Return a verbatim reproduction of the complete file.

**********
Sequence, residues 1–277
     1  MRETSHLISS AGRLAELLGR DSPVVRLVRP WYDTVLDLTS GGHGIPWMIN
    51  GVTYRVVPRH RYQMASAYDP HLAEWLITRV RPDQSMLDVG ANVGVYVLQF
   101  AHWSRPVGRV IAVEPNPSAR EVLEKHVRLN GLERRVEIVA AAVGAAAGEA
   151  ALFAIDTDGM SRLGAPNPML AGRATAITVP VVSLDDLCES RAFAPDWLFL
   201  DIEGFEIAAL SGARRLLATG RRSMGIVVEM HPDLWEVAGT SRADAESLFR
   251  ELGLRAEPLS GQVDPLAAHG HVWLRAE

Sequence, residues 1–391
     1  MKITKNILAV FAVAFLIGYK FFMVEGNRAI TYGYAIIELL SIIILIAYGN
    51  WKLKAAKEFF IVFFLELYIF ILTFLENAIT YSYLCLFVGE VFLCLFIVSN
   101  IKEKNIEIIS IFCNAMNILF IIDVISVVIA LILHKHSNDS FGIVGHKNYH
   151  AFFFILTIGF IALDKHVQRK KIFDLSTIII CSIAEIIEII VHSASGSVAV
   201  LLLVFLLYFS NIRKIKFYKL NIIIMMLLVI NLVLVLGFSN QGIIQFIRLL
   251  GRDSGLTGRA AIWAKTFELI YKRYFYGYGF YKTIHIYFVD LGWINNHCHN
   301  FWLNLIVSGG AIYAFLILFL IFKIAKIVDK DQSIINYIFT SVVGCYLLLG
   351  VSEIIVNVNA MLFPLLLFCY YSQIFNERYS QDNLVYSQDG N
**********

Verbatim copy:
Sequence, residues 1–277
     1  MRETSHLISS AGRLAELLGR DSPVVRLVRP WYDTVLDLTS GGHGIPWMIN
    51  GVTYRVVPRH RYQMASAYDP HLAEWLITRV RPDQSMLDVG ANVGVYVLQF
   101  AHWSRPVGRV IAVEPNPSAR EVLEKHVRLN GLERRVEIVA AAVGAAAGEA
   151  ALFAIDTDGM SRLGAPNPML AGRATAITVP VVSLDDLCES RAFAPDWLFL
   201  DIEGFEIAAL SGARRLLATG RRSMGIVVEM HPDLWEVAGT SRADAESLFR
   251  ELGLRAEPLS GQVDPLAAHG HVWLRAE

Sequence, residues 1–391
     1  MKITKNILAV FAVAFLIGYK FFMVEGNRAI TYGYAIIELL SIIILIAYGN
    51  WKLKAAKEFF IVFFLELYIF ILTFLENAIT YSYLCLFVGE VFLCLFIVSN
   101  IKEKNIEIIS IFCNAMNILF IIDVISVVIA LILHKHSNDS FGIVGHKNYH
   151  AFFFILTIGF IALDKHVQRK KIFDLSTIII CSIAEIIEII VHSASGSVAV
   201  LLLVFLLYFS NIRKIKFYKL NIIIMMLLVI NLVLVLGFSN QGIIQFIRLL
   251  GRDSGLTGRA AIWAKTFELI YKRYFYGYGF YKTIHIYFVD LGWINNHCHN
   301  FWLNLIVSGG AIYAFLILFL IFKIAKIVDK DQSIINYIFT SVVGCYLLLG
   351  VSEIIVNVNA MLFPLLLFCY YSQIFNERYS QDNLVYSQDG N